The battery lift is harder to keep on hand than the truck itself

On a trivial note, the Ranger EV was one of the very few production vehicles ever to use the DeDion tube rear suspension, and another is my daily-driver i-MiEV.  This allows a lightweight but rigid rear end for heavy loading and a close-coupled motor and gearbox that is fully suspended.  The Ranger EV rear suspension is made of Aluminum forgings and aluminum tube.
Notice the dimples in the Ranger EV-only lightweight aluminum hood!

Offloading the Dead Lead Sled

Friday, August 26, 2016

Adopting a Unicorn.

One-owner 1983 Mazda RX7 GSL Aztec Gold Electric Vehicle Conversion
Built by an electrical engineer and driven daily for 18 years.  
2 year old flooded lead-acid battery pack
Vehicle Garaged and rain-tight
All systems in good working order.

This imagined advertisement describes the situation that came to me via the grapevine this week, and now it is indeed mine.  Having passed muster as a worthy adoptive father to this antique love child, I brought it home to the genuine surprise of my wife, who couldn't believe that someone would give away such a beauty.  But then of course, she's never tried to sell a unique but low value used car on Craigslist, inviting all sorts of unsavory time wasters to your inner sanctum....  My great gratitude goes out to the builder, who did not desire publicity.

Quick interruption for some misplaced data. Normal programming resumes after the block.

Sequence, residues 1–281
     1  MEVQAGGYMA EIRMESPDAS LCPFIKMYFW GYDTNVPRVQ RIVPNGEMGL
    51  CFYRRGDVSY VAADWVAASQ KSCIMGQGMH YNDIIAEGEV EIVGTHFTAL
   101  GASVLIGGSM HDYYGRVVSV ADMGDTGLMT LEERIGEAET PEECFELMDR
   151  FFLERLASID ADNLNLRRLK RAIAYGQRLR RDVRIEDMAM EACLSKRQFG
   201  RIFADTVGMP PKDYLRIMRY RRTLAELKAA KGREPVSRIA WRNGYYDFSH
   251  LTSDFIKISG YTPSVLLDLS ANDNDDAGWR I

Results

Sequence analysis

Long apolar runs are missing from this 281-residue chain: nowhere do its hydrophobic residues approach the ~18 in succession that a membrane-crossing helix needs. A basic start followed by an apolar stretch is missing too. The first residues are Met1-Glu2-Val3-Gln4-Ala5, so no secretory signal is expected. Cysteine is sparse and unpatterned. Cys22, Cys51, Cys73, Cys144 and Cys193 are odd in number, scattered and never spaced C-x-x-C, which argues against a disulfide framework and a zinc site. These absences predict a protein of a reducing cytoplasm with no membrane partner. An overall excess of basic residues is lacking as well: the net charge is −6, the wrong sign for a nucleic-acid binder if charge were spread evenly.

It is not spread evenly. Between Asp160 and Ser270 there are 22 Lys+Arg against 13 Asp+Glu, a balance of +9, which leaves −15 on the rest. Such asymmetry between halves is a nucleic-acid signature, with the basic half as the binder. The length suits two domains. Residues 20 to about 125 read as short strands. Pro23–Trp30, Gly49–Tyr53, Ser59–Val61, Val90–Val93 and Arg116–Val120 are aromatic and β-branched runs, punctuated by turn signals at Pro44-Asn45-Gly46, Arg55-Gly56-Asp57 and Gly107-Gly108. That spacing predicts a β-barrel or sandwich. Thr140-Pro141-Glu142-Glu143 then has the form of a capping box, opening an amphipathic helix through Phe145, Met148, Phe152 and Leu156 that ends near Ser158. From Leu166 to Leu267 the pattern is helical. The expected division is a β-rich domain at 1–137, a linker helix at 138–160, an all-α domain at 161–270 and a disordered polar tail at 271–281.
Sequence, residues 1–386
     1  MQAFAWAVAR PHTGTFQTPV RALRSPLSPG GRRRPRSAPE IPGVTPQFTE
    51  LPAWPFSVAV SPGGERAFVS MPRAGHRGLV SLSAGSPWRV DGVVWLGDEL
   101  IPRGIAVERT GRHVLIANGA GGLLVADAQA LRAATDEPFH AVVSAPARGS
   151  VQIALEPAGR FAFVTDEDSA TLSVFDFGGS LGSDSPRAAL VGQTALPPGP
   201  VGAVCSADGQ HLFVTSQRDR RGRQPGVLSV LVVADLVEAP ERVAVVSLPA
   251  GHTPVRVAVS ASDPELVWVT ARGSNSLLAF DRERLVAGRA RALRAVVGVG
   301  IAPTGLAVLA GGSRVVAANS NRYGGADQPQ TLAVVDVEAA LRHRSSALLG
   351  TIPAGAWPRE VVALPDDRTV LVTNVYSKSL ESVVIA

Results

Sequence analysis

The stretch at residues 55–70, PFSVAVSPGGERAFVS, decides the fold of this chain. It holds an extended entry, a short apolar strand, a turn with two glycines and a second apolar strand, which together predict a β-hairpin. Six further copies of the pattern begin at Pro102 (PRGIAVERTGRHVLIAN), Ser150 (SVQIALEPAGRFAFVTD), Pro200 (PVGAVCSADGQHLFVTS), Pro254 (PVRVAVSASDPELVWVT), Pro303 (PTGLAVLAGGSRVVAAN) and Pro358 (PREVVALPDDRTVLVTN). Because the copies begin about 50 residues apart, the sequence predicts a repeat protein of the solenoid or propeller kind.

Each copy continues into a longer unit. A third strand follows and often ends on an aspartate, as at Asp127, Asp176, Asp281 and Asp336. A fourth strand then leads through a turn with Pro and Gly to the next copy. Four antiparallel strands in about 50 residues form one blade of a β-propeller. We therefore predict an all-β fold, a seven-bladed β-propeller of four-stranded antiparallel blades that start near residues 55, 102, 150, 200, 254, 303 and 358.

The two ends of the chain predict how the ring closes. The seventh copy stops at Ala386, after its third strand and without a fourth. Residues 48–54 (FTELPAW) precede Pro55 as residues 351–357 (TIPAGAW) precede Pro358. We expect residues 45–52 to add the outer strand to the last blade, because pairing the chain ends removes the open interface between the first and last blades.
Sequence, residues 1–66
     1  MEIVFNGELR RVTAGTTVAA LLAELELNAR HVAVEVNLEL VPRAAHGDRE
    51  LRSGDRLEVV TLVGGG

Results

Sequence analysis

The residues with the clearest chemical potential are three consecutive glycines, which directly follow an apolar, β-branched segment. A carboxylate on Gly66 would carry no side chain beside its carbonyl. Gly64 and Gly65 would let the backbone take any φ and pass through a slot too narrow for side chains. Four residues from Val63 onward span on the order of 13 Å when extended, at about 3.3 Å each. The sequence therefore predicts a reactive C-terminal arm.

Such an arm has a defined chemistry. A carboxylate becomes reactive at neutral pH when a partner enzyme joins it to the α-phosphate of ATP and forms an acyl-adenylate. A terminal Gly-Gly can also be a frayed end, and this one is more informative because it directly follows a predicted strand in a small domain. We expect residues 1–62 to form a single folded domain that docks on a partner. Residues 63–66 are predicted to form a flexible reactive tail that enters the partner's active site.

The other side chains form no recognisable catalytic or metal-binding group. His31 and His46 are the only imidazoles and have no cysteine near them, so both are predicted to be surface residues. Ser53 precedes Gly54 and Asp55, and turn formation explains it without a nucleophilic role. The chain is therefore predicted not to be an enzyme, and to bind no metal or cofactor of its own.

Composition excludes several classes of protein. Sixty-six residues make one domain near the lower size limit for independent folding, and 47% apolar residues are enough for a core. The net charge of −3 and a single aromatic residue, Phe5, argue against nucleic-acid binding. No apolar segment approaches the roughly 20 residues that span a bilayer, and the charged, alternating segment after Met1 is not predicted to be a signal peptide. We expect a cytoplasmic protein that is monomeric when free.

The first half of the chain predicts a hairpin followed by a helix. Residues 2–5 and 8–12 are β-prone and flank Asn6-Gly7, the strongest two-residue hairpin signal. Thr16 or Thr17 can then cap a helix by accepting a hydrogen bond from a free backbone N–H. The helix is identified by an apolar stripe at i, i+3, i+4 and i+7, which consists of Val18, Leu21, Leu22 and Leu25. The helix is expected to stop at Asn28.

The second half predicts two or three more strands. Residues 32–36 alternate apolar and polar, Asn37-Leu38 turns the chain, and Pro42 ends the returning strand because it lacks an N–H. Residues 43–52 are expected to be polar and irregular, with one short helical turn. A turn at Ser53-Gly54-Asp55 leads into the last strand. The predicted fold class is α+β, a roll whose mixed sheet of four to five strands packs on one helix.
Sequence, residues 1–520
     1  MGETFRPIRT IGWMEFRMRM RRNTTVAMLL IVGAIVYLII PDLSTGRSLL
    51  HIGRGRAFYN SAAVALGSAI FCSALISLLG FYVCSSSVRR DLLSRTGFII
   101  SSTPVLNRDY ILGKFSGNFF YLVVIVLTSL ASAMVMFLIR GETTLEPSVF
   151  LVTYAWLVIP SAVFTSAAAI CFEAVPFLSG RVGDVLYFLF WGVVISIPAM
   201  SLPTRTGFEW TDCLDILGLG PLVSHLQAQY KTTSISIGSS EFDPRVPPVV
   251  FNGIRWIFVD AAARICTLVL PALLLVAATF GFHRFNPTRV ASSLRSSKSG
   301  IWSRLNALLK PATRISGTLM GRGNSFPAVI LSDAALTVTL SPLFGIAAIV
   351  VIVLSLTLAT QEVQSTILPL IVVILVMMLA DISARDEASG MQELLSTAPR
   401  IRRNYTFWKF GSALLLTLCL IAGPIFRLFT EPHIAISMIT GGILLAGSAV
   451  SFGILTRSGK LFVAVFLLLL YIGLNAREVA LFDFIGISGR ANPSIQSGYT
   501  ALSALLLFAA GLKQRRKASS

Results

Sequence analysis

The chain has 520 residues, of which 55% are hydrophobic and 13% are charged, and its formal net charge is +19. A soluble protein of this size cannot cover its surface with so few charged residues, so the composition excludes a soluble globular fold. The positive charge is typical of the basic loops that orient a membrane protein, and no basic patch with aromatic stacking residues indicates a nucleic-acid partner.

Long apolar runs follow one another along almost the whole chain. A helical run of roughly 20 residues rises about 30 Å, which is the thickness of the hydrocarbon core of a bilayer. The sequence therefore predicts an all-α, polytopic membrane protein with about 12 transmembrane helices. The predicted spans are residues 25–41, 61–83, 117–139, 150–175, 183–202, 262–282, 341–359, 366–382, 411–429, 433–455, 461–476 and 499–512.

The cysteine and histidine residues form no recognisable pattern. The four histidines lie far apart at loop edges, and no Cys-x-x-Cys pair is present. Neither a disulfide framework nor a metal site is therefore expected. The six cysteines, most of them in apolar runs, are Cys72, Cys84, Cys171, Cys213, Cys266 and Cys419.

Vital stats are a 108V battery pack, Curtis 1231 controller, 9: ADC motor, high quality workmanship.
The top-of-the-line GSL included a limited slip differential, steel sunroof (with good seals and drains that aren't clogged), electric windows and solenoid-actuated hatch and filler door release, along with a leather interior and unique aluminum alloy wheels.

This car includes amazing documentation, from notes on the builder's first ever trip to an EV Assoc. meeting, to a log of all build progress and repairs, to the original window sticker and brochure, sales receipts for EVerything, engineered drawings, and EVen a typewritten RX7 EV Maintenance Manual complete with color photos for each procedure, such as battery pack replacement.